Penny Kemp, who died on 12 June after a battle with Parkinsons Disease, was a long standing Green Party member and a pioneering ecosocialist, writes Derek Wall..
I have found it difficult to sit down and write her obituary. There was a period in the 1980s when she was the closest political associate I had. We wrote a book together and went through all sorts of often rather dramatic events in the Green Party. It is difficult to think that she has gone. She had a dry sense of humour, an intelligent grasp of events, and was able to focus her considerable passion for social justice into effective practical work.
My feeling is that she was active in a particular conjuncture during the 1980s that was extremely important to the development of green politics, but might easily be forgotten. However her political activism covered many decades and many situations.
Her commitments politically were enduring, from the early 1980s to recent years she remained one of the most prominent members of what was first the Ecology Party and later the Green Party.
Ross Greer, another ecosocialist, and a Member of the Scottish Green Party, noted of her, ‘You can’t write the history of Green politics on these islands without mentioning Penny. Her friendship and support meant so much to me personally and I know there are hundreds of others who’ll feel the same.’
Penny fulfilled this role as a key shaper of green politics ‘in these islands’, in a number of ways.
When we worked together most closely during the 1980s, a series of internal battles shaped the trajectory of the party. Paralleling in some respects conflicts in the Labour Party, modernisers wanted to reshape the party to make it a little more disciplined, managed, and centralised. Their vision, broadly, was to see the Ecology and later the Green Party as a conventional electoral political party. One component of the modernising project was ‘Green 2000’, which in the late 1980s argued that their proposals would put the party in government by the year 2000. Oh the irony.
Their opponents on the decentralist wing of the party, were sceptical, viewing modernisation as an attempt to reduce the radicalism of the party. They believed that the party should be rooted in social movements, and combine electoral politics with cultural change and non-violent direct action.
Penny was a proponent of this more radical approach. While the modernisers won many victories, her work contributed to maintaining a relatively healthy internal culture in the Green Party over many decades.
She was also an early advocate of ecosocialism. In the 1980s, when the decentralist radicals were more sympathetic to anarchist perspectives and concern with ecological issues was generally weaker on the far left than it is today, she consistently tried to link green politics to the left. She was a founder member of both the Association of Socialist Greens and later the Green Left. In fact the Green Left’s founding statement was titled the Headcorn declaration– because Penny for many years lived in the Kent village of Headcorn.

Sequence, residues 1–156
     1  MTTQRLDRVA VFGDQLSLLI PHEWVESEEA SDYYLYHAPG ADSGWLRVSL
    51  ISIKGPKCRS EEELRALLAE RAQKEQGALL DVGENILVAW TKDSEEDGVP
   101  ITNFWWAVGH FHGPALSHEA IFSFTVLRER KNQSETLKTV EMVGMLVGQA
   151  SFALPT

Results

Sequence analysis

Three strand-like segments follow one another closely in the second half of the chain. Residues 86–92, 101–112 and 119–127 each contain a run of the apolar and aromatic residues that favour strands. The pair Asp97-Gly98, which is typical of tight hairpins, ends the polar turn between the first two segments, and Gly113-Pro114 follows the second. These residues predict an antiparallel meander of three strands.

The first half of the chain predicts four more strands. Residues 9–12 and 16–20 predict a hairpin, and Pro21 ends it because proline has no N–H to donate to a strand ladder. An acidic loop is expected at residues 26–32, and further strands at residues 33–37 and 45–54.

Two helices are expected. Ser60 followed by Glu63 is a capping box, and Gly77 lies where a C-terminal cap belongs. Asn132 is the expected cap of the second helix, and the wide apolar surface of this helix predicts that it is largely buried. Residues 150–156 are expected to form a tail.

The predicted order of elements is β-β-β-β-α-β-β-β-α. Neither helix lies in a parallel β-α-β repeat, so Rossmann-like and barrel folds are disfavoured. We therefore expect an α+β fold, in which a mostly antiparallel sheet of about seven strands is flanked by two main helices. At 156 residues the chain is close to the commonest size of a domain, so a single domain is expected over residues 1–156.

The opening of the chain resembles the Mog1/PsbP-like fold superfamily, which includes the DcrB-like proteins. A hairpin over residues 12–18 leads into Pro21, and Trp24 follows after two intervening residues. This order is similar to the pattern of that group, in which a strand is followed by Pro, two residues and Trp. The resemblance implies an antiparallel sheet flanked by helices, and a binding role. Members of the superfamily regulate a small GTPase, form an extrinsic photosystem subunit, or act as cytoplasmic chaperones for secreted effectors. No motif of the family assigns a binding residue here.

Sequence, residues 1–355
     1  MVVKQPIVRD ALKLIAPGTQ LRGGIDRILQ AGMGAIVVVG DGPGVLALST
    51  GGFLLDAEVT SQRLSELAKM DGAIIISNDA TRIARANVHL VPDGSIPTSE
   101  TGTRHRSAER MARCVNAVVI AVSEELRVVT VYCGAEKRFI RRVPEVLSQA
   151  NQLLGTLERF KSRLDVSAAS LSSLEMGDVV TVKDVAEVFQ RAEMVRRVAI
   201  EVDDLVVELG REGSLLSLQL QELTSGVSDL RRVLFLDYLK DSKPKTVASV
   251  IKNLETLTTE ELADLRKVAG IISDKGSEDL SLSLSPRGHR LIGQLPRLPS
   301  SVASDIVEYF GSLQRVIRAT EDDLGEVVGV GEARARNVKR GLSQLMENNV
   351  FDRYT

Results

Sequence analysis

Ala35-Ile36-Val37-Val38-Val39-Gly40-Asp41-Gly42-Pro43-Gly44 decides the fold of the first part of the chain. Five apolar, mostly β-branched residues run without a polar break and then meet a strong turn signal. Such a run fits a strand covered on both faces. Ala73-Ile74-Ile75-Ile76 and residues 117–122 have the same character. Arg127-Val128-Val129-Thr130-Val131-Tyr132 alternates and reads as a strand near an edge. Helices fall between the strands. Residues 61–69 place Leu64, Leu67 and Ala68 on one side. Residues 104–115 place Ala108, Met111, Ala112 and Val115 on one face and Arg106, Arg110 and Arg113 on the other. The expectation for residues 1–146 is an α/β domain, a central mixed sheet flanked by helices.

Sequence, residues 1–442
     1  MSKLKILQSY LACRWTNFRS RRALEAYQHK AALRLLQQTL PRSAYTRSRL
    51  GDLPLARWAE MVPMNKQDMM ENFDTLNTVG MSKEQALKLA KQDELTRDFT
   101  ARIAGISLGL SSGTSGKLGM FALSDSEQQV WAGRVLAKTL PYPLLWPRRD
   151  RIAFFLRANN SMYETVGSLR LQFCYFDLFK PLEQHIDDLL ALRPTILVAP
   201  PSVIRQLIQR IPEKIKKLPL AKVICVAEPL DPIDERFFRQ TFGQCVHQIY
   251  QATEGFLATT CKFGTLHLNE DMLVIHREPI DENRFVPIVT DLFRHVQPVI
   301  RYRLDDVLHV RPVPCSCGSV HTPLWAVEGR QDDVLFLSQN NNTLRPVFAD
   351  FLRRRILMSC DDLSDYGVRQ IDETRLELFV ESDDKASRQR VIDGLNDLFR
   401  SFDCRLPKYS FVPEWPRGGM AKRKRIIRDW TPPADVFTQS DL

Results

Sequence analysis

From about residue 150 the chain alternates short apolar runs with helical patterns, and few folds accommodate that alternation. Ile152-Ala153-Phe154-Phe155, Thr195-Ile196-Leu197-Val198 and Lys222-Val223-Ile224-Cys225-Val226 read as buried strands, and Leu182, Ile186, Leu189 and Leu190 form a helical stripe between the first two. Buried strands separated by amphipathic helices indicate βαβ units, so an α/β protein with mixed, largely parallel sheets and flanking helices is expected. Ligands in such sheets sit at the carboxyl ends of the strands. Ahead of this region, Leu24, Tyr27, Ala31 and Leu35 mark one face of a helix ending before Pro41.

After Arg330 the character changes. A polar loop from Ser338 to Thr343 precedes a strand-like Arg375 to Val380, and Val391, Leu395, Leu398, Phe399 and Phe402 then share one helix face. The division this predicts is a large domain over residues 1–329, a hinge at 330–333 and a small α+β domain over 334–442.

Penny’s numerous battles in the party to promote a grassroots socialist approach was one side of her activism. Another was her continuous practical work to grow the party. She was pivotal to much of the Party’s press work, again over, several decades. In the 1980s she headed the party’s work for a time and was line manager for Caroline Lucas, when she was employed as the party press officer. Today of course Caroline is the Green Party’s one Member of Parliament at Westminster. Caroline noted on twitter, ‘Penny held numerous post on executive bodies in the party including serving as party chair.
Emily Blyth, who served on GPEX, the Green Party Executive, with Penny remembered a particular anecdote, the illustrated Penny’s approach:
I recall a GPEx meeting where Penny was looking after her toddler grandson. He commandeered my iPad and somehow took dozens of selfies, before getting into my music library and playing some Kate Rusby for the assembled GPEx officers. There was some irritation at this. Penny responded by saying we should always have young children at GPEx meetings, because they are the reason we are there – to make a better world for young people growing up.
Amongst many other contributions, she helped co-ordinate the Green Field at the Glastonbury Festival. She supported numerous green gatherings and festivals.
Another long standing Green Party member, Shane Collins told me, ‘Penny will be well missed at the helm of the Glastonbury speakers forum. In spite of a long illness she remained, stoic, calm and kept some of the political anger and humour alive. Sweet memories of an amazing woman.’
Penny leaves a partner Johann, and two daughters Tracey and Cora. She will be missed by thousands of individuals active in the Ecology/Green Party, ecosocialist activists and a broader green movement.
Derek Wall is a former Green Party International Coordinator. He co-wrote A Green Manifesto for the 1990s (Penguin) with Penny Kemp, published in 1990.